GREENWOOD VILLAGE, CO—Century Communities has expanded its unsecured credit facility to $300 million along with an accordion feature that will allow it to further expand up to $400 million. The credit facility will have an interest rate at a LIBOR plus a spread of 2.75% to 3.25%.

DEVELOPMENT

SAN DIEGO, CA—C.W. Driver has completed the $26 million renovation of the East Nursing Unit at Sharp Grossmont Hospital. The taxpayer-funded project was approved in 2006 and included construction of the new 71,000-saure-foot nursing unit.

-Kelsi Maree Borland

Rezoning Plan Helps Fuel Development

GlobeSt.com

 

LONG BEACH—Downtown Los Angeles might be the biggest renaissance in the Los Angeles market, but it certainly isn’t the only. Downtown Long Beach is seeing an influx of smart money. For Downtown Los Angeles, the adaptive reuse ordinance was the catalyst for much of the growth in that market. In Downtown Long Beach, the new Downtown Plan, which decreases parking requirements and increases the possibility for density has fueled growth in a similar way, according to Jeff Coburn and Greg Gill of Lee & Associates Long Beach office.

“The city passed a very smart, very pro business Downtown Zoning plan, and it has worked so well that they are actually pushing is up to the 405 freeway and Atlantic and Long Beach Blvd., to create a high density corridor up there,” Gill tells GlobeSt.com. “That is really important.” Gill notes that the plan was first applied to the Promenade, and has been incredibly successful. “The Promenade used to be a north-south street, but they made it a pedestrian access street, and what has happened is that it has turned out to be a super cool place to be,” he adds. 

When asked if the new downtown zoning plan was a similar catalyst as the adaptive reuse ordinance in Downtown Los Angeles, Coburn and Gills agreed that it is. “The Downtown Plan in Downtown Long Beach was really a big catalyst,” Coburn, a principal in Lee & Associates Long Beach office, tells GlobeSt.com. “For them putting that is was a big move and really opened the door for a lot of stuff. That really helped bring new development and energy to Downtown Long Beach.”

The new Downtown Plan, however, isn’t the only factor attracting developers. The government—from the mayor’s office to the city staff—is supporting development and growth in the market. “Robert Garcia, the Mayor of Long Beach is very pro development,” adds Coburn. “The things that are happening were in Robert’s vision when he came into office. HE has had think-tank meetings with owners and developers, both on the residential and the commercial side to come in a figure out how to make downtown a better place. The city staff is doing everything that they can, and they are making it so easy. Some of my clients are saying that they roll out the red carpet. It is so easy. It is a well-oiled machine.”

-Kelsi Maree Borland

Striking New Look for Martin Expo Town Center

Urbanize LA

 

Time to start 2016 with a bang.

Last week, a final environmental impact report published by the Los Angeles Department of City Planning (LADCP) unveiled a new look for Martin Expo Town Center, a mixed-use complex spurred by Metro's Expo Line.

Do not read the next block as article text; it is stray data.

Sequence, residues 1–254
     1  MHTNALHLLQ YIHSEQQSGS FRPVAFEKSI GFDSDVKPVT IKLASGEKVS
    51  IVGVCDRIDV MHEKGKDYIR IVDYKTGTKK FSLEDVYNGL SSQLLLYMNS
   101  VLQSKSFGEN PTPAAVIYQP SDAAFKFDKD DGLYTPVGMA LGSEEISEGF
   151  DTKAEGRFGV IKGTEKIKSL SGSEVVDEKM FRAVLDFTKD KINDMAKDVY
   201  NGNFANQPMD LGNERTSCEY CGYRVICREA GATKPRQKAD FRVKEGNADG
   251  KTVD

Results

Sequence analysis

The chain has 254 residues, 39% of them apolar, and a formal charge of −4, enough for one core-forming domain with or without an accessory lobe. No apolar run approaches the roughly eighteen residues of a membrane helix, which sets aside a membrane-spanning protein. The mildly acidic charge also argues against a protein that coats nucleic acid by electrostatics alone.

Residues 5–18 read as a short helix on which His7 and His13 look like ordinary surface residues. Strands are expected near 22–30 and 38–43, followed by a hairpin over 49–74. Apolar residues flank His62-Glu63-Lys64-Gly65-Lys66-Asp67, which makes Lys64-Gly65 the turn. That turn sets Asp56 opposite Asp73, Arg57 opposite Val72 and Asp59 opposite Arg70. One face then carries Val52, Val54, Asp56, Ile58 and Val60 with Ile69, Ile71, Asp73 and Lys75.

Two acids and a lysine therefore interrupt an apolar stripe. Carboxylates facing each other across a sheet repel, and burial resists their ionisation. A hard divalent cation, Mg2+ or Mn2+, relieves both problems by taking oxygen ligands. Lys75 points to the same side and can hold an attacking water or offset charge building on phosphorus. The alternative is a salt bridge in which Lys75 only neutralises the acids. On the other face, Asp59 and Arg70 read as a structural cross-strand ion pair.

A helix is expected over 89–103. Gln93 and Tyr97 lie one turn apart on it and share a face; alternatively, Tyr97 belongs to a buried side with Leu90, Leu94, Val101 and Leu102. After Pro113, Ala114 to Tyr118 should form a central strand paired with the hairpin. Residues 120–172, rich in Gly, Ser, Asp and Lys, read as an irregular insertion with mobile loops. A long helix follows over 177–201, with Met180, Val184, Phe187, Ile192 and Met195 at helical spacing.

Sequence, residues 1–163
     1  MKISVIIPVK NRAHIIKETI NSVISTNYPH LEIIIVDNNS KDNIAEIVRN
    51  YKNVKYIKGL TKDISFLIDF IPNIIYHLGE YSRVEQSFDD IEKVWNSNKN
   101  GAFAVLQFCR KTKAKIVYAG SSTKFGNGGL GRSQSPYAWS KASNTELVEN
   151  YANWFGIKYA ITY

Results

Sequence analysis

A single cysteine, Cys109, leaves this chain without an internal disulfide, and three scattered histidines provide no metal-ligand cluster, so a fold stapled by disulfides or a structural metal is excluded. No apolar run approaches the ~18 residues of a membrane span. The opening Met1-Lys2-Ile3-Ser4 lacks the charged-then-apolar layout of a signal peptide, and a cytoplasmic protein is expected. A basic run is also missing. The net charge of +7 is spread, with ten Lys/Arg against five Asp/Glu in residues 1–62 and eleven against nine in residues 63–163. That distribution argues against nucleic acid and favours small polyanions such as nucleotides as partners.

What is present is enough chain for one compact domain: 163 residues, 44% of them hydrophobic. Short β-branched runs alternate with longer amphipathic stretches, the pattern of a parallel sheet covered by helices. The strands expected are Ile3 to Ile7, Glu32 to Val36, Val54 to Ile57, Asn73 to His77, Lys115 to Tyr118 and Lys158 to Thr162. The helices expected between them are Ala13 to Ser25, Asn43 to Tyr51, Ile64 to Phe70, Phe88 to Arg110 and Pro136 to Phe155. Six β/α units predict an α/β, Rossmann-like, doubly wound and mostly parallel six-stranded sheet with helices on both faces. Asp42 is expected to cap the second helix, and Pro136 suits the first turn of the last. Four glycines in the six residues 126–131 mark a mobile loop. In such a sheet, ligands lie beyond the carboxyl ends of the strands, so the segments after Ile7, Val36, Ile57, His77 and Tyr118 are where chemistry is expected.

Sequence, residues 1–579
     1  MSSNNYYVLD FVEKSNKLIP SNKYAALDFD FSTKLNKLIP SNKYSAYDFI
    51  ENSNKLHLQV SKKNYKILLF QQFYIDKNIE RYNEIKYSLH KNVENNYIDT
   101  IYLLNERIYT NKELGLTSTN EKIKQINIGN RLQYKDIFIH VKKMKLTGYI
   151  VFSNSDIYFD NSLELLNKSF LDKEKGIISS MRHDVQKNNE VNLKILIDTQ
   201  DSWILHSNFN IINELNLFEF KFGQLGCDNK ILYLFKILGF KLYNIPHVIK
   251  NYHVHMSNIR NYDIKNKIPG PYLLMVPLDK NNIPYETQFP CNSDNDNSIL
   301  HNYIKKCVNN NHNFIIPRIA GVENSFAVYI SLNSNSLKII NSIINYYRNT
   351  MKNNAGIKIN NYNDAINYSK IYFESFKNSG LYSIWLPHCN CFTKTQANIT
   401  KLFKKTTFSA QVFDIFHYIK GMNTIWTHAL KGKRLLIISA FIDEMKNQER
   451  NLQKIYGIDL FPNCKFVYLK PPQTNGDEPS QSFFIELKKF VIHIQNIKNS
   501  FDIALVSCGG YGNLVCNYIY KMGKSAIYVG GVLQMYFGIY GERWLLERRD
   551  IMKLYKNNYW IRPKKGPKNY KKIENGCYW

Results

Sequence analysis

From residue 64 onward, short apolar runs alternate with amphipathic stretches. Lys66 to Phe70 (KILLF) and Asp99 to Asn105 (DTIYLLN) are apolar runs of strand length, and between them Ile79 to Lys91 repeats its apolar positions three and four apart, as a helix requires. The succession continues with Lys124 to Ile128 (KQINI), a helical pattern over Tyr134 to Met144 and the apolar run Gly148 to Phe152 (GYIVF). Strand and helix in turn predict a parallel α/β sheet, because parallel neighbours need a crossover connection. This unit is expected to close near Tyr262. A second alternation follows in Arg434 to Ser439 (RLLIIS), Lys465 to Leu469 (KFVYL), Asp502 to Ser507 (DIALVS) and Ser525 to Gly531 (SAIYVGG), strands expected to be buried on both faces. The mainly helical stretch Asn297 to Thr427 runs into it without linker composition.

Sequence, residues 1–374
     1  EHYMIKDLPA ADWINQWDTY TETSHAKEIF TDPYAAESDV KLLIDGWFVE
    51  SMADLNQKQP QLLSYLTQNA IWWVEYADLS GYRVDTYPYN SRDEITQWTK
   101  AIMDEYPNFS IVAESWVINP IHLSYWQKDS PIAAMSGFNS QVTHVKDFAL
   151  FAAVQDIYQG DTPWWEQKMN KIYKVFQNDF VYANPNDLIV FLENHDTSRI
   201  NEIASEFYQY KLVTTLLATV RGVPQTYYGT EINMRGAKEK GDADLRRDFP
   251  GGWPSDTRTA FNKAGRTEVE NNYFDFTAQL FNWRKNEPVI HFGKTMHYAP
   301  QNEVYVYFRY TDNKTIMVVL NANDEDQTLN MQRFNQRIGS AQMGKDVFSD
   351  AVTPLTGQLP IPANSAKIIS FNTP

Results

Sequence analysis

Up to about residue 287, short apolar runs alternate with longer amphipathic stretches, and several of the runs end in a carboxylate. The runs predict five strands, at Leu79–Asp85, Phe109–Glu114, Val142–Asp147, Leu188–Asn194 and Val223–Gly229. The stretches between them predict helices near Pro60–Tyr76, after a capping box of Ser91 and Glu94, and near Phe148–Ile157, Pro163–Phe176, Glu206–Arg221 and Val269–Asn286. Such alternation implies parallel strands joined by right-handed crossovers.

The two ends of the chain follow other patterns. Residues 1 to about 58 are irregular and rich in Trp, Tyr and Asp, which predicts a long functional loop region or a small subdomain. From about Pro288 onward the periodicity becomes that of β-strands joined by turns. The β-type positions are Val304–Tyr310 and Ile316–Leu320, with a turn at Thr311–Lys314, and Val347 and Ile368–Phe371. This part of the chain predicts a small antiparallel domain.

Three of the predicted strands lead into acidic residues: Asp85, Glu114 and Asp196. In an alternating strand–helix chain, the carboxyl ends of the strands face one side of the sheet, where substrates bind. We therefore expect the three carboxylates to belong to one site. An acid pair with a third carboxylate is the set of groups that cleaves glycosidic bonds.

The project, which is being developed by the family behind the Martin Automotive Group, would replace the company's longtime Cadillac and GMC dealership at the northwest corner of Olympic Boulevard and Bundy Drive.

The redesign, crafted by global architecture firm Gensler, calls for an approximately 4.76-acre development with low-rise and mid-rise buildings, as well as a 10,000-square-foot pedestrian plaza with landscaping, water elements and outdoor seating.

At the northern edge of the property, the dealership's current automobile service center would be demolished to make way for a seven-story structure featuring either rental apartments or for-sale condominiums.  Plans call for 516 residential units on the building's upper floors, 8,000 square feet of amenities and a combined 81,000 square feet of ground-floor commercial space for retail, grocery and restaurant uses.

The southern portion of the development site, currently home to the Martin Cadillac showroom, would be redeveloped with a 10-story, 160-foot tower featuring approximately of 191,500 square feet of office space on its upper levels and 26,500 square feet of office and retail space on its ground floor.

Martin Expo Town Center would provide substantial parking accommodations in a three-level underground garage spanning across the property.  The number of vehicle stalls would vary between 1,451 and 1,876, depending on whether the project's residential component is developed as rental apartments of for-sale units.

Both figures represent reduced parking requirements through the city's bicycle parking ordinance and a 10% transit credit applied to commercial uses.

Prior LADCP records indicated that construction of the mixed-use complex would occur over 32 months, ending in 2018.  However, it is unclear if this timeline represents the current plan for the project.

Martin Expo Town Center is one of a handful of large developments planned around stations on the Expo Line, including multi-use projects from Lowe Enterprises and Carmel Partners.

-Steven Sharp